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April 19, 2013 by · Leave a Comment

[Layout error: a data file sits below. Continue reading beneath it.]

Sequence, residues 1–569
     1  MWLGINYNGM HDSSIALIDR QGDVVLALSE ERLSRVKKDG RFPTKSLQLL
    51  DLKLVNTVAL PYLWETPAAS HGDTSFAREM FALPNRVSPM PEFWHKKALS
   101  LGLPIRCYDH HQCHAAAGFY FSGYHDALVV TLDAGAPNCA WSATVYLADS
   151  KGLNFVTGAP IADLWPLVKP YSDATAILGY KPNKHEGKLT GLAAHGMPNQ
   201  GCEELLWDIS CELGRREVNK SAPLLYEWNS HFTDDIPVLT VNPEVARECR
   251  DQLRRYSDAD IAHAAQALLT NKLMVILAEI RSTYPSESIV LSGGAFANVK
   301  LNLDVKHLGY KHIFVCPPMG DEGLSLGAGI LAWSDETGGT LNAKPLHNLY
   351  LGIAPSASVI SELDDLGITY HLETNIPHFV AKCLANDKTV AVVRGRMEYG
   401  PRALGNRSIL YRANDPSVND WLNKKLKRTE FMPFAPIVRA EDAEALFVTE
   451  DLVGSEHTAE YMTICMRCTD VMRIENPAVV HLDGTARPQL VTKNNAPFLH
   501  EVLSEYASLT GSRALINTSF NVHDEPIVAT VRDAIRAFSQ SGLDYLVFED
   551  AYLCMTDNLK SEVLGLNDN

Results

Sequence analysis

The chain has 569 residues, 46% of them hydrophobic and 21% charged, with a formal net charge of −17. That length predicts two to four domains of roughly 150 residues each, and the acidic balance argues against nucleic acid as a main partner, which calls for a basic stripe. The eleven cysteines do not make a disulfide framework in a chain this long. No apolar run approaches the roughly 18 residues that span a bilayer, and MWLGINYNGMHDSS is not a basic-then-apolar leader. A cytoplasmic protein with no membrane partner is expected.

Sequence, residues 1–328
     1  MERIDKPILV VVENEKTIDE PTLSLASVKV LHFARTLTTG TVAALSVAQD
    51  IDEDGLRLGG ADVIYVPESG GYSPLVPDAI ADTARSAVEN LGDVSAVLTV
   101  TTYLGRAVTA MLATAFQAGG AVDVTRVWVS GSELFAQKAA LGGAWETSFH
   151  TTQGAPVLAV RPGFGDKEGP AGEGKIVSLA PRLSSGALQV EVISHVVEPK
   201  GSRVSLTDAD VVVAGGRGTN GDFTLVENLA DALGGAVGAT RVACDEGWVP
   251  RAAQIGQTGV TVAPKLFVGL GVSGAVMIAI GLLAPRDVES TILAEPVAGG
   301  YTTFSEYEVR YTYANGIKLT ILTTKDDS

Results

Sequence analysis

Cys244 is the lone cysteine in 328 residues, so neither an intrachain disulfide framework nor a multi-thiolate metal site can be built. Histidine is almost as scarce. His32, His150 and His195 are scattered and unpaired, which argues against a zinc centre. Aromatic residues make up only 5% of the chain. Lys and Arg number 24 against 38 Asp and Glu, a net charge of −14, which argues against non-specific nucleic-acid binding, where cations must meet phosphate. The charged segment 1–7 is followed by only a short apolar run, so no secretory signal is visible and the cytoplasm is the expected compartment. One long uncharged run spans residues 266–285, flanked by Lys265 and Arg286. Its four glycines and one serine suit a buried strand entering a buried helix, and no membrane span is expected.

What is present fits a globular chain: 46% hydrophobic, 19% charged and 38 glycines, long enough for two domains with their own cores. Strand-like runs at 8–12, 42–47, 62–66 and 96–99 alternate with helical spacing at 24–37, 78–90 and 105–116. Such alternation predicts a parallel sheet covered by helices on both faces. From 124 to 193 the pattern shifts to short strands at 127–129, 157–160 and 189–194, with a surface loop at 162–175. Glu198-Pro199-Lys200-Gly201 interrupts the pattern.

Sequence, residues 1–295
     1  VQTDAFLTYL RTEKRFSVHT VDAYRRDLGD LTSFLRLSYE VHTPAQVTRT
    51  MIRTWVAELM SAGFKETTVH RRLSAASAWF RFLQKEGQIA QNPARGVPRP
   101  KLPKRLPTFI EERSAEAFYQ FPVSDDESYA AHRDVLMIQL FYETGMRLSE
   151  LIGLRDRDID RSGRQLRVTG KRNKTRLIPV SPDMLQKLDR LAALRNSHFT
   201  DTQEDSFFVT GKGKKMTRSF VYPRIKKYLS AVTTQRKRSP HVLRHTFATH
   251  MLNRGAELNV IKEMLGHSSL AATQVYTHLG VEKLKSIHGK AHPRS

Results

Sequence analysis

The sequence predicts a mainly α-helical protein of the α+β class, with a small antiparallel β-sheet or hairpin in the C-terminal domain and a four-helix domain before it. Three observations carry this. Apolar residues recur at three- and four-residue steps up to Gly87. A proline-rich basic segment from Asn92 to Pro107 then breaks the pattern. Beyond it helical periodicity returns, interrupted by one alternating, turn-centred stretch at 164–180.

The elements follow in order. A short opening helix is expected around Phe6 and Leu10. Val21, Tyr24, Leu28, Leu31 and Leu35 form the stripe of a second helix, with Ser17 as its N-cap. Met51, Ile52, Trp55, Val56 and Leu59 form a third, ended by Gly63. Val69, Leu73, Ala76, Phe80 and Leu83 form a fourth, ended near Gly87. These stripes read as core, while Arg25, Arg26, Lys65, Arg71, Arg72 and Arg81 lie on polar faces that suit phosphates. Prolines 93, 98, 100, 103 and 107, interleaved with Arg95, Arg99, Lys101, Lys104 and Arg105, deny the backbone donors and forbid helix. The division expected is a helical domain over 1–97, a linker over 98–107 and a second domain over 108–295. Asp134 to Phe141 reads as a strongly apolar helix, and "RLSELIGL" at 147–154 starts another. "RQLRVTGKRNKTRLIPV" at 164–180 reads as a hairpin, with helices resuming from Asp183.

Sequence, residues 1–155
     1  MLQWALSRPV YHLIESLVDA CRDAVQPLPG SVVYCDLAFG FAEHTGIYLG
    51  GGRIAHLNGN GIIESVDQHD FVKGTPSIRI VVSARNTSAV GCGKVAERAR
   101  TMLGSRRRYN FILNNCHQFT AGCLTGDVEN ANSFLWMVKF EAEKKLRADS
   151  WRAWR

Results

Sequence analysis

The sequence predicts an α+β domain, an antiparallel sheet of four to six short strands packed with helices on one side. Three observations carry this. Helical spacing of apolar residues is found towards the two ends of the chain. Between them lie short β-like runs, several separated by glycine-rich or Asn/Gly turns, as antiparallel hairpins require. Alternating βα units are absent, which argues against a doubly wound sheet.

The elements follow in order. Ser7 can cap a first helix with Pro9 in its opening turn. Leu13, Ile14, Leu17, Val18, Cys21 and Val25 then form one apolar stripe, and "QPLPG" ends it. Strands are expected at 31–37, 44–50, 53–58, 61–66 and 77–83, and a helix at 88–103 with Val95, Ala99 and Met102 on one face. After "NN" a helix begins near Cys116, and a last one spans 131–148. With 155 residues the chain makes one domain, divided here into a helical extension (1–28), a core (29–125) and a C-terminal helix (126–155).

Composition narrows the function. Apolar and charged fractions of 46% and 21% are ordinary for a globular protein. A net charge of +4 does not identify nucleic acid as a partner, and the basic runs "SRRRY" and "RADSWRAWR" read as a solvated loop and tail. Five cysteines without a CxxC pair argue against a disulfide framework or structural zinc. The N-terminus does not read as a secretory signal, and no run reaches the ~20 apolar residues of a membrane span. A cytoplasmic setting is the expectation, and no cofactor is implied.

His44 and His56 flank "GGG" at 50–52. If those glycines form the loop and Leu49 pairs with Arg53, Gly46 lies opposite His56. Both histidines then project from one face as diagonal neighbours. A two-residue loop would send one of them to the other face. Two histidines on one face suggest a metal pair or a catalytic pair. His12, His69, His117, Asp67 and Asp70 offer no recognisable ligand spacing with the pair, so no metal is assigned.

Even most critics who slam the script for Oblivion, the sci-fi blockbuster starring Tom Cruise, concede that the movie looks spectacular. Consider the judgment of Peter Howell in the Toronto Star: “Certainly there are no qualms about the visuals. Writer/director Joseph Kosinski confirms his flair for the fantastic that he brought to TRON: Legacy, another film that pleased the eye better than the mind.” Claudia Puig in USA Today puts it this way: “It’s a dazzler, but the story lacks the impact of the futuristic look.” Kyle Smith in the New York Post comments that the film has all the markings of a contrivance by a “successful hack screenwriter” — someone who believes that “originality requires too much work.” Yet Smith goes on to write: “Not that Oblivion isn’t kind of fun; there are lots of zippy flying scenes and an adequate quantity of shootouts. Simply counting up the various ripoffs is a fun drinking game, and the effects look cool, or at least costly.” Joe Morgenstern in the Wall Street Journal concludes that what this sci-fi flick demonstrates more than anything else is “a future in which the theatrical movie medium is dominated by productions that are ever richer in high-tech visual arts and ever more impoverished in the art of telling a story.” And even critics who find many things to like about the film indicate that those things appear to be borrowed from other sci-fi films, including Planet of the Apes, Moon, The Matrix, 2001: A Space Odyssey, Wall-E, and Kosinki’s own TRON: Legacy. Yet Kenneth Turan in the Los Angeles Times writes that it “makes no apologies” for doing so and that it nevertheless “has the ability to haunt you visually and, with an unanticipated love story, even emotionally.” Michael O’Sullivan in the Washington Post calls it “an engrossing, if complicated and twisty, story, with plentiful sci-fi action and a provocative subtext about the nature of the human soul.” He adds that it “requires some mental effort. This is not a movie during which you should fall asleep. Fortunately, there’s not much chance of that. Oblivion is fast-paced and exciting.” For the most part, the performance of Tom Cruise as a repairman on a desolated Earth in 2077 receives high marks. Joe Neumaier in the New York Post writes that he “dials down the intensity, making [his character] a low-blood-pressure kind of hero. … Cruise has a knack for knowing how to make things work.” But Manohla Dargis in the New York Times oddly spends a good 60 percent of her review commenting on the “fading” stardom of Cruise and concluding sternly, “You not only have to ignore the din of the tabloids and swat away the buzzing generated by his multiple headline-ready dramas, you also have to come to grips with the harsh truth that it no longer actually matters why and how Tom Terrific became less so. No one else much cares.”